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December 2011

How to Get a Job Without a College Degree

A Public Allies apprentice talking to a middle school student in the Police Athletic League in East New York.
After serving in Afghanistan, Tyrone is back in the Bronx trying to find a job. While a fine soldier, his civilian job resumé is limited.

Innocencia is a young mother who works in child care. She would like a better-paying job, but needs help with English and learning a trade.

Joey is 20 years old and has a knack for computers—but also had a knack for getting in trouble, which is why he has a record of suspensions and juvenile detention, and no high-school diploma. He would like to work in IT but has no formal training and has never had a full-time job.

These three New Yorkers—and many like them—have a hard time plugging into today’s already-tough job market. But with the economy in flux, job-placement counselors who still use their rolodex of local businesses aren’t much help. Large retailers have their own hiring systems. Current information on labor trends is making it easier to see who’s hiring and for what, but placement agencies need staff who can use the data.

The Trust is helping nonprofit workforce developers adapt by supporting personalized, intensive training and paid internships for disadvantaged New Yorkers and veterans; holding workshops on using labor-market data for job counselors; and connecting large employers with a network of youth employment agencies.

Learn and Earn

Joey is in luck. The City has recently ramped-up its investment in out-of-work and out-of-school youth. It has committed more than $400,000 to Project Rise, a program where Joey can get an education and get paid for working in an internship that teaches him job skills and office etiquette. A $400,000 Trust grant to the Center for Economic Opportunity will match the City’s money.

A $100,000 grant to AmeriCorps’ Public Allies program will provide paid apprenticeships to highly motivated but cash-poor young adults for careers in nonprofits. Participants have included single mothers, veterans, formerly imprisoned youth, and former foster children.

Ebonee Cochrane, a graduate of an apprenticeship program of Nontraditional Employment for Women, is now a member of Laborers' International Union Local 79.
As a child-care worker, Innocencia makes $11 an hour. As an electrician, she would make $25 an hour, enough to live on without relying on food stamps. To help women learn trade skills, a Trust grant of $100,000 to Nontraditional Employment for Women supports apprenticeship programs in construction and green jobs, such as electrical retrofitting and weatherization. Women will also attend career-planning sessions on the long-term benefits of union wages, health benefits, and contributing to one’s pension.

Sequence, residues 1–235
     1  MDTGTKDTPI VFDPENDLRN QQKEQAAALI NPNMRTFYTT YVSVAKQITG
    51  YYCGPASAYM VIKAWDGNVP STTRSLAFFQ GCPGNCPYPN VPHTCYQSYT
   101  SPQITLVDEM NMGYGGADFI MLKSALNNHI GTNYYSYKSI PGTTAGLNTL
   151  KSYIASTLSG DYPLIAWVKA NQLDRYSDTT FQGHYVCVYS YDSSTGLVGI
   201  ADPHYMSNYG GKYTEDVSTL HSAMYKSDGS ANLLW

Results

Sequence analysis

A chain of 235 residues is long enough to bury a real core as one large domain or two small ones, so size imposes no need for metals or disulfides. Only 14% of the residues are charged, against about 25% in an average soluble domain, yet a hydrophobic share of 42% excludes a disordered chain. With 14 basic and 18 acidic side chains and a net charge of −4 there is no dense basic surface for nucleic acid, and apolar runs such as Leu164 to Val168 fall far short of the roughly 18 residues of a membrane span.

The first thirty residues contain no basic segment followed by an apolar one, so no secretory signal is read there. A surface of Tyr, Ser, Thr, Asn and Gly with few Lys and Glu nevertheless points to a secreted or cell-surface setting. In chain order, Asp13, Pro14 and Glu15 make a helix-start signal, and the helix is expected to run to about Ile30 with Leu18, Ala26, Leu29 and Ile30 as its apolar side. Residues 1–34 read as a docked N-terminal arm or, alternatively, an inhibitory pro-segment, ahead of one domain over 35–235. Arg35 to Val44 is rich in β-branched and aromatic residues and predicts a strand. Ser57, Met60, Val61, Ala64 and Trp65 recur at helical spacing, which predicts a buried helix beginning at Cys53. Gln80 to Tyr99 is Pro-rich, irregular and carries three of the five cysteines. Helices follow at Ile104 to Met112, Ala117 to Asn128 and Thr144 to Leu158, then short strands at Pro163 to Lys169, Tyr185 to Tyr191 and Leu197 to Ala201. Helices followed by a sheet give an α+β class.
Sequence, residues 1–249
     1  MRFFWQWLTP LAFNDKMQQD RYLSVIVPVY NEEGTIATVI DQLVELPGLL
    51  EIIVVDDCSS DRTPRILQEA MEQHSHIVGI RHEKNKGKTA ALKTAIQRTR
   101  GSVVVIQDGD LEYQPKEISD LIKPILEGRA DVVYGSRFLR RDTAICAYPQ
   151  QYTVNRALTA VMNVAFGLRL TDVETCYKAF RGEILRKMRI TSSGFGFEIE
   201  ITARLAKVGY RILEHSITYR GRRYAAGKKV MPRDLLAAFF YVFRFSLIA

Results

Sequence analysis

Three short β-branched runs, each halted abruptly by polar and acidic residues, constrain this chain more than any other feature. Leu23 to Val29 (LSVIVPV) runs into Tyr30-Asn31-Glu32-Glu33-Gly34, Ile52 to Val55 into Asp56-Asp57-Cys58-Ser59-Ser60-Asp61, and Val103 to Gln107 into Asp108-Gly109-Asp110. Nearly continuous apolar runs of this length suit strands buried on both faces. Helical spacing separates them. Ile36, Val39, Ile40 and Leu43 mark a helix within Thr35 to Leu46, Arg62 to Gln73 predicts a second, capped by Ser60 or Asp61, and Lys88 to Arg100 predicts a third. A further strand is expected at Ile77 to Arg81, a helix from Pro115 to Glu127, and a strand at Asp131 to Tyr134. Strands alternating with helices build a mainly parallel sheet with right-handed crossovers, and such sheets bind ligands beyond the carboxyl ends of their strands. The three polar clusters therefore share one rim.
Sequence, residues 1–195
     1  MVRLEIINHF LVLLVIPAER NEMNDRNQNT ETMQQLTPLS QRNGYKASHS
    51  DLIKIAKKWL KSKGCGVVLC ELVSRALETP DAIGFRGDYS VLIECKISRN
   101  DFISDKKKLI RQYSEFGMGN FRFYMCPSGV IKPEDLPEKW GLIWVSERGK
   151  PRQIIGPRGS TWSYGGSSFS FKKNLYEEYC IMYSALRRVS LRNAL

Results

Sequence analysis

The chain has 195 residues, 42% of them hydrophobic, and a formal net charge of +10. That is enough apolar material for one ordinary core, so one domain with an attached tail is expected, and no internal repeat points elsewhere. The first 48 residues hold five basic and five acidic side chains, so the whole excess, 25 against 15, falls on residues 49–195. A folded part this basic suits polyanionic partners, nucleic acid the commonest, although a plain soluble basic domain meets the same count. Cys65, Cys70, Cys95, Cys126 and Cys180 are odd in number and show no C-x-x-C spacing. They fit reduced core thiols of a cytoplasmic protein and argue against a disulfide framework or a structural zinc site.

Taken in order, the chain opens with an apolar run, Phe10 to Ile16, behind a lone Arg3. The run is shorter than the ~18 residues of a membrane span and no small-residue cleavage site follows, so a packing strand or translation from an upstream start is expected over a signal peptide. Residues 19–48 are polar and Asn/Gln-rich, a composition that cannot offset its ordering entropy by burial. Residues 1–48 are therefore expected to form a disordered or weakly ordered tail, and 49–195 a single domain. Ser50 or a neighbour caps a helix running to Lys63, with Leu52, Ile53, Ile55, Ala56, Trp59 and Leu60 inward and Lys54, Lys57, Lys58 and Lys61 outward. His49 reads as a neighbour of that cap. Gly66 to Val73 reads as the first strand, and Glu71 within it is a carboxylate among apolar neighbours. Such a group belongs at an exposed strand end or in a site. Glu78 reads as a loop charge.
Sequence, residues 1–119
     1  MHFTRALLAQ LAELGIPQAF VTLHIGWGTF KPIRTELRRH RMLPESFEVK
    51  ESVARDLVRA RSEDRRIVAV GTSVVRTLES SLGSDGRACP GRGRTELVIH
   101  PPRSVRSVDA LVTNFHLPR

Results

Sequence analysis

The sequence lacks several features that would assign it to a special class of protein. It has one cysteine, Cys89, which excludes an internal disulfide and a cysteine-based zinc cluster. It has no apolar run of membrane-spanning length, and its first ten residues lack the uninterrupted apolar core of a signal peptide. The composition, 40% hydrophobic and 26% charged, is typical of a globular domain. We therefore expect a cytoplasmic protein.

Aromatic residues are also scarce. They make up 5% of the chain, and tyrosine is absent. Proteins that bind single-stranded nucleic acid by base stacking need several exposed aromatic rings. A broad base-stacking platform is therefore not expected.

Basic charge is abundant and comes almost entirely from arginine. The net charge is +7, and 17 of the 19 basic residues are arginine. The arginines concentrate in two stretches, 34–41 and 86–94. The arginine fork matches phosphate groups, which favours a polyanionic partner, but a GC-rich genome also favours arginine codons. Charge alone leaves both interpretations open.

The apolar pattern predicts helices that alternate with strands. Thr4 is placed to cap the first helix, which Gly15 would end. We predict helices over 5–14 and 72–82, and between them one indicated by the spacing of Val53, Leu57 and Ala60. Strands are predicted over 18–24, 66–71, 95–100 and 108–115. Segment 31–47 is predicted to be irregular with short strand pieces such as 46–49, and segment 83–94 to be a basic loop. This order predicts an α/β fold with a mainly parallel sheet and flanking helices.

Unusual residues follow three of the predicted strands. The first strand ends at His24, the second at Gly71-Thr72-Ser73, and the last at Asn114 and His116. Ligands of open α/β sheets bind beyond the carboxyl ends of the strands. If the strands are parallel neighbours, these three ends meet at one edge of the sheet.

Bringing Job Placement Groups Up to Speed

The Trust helped start the Workforce Professionals Training Institute to make job placement agencies more effective. A $60,000 grant will help the Institute train staff at these agencies to use software that tracks real-time information on job trends. With a 2010 grant of $85,000, the Institute trained staff of 52 groups and helped them implement recruitment and placement strategies that use up-to-date labor-market information. This year the Institute will train 75 additional job developers. “When staff know how to access this data, they can give job seekers very useful, concrete information: types of available jobs, average wages, and education requirements,” says Amy Landesman, executive director of the Institute.

New Employers Demand a New Approach

Youth not working and not in school are having a hard time finding entry-level jobs because “older or displaced workers are competing for jobs once more readily available to younger people,” says Lou Miceli, executive director of JobsFirstNYC. In addition, employment agencies must deal with big corporations and institutions that demand large pools of potential employees. A grant of $125,000 to JobsFirst will help it develop a network of youth-employment agencies to strategize and offer a broader range of services to regional employers. JobsFirst will also work on creating employment pipelines by holding networking events with the Association for a Better New York and the Partnership for New York City.

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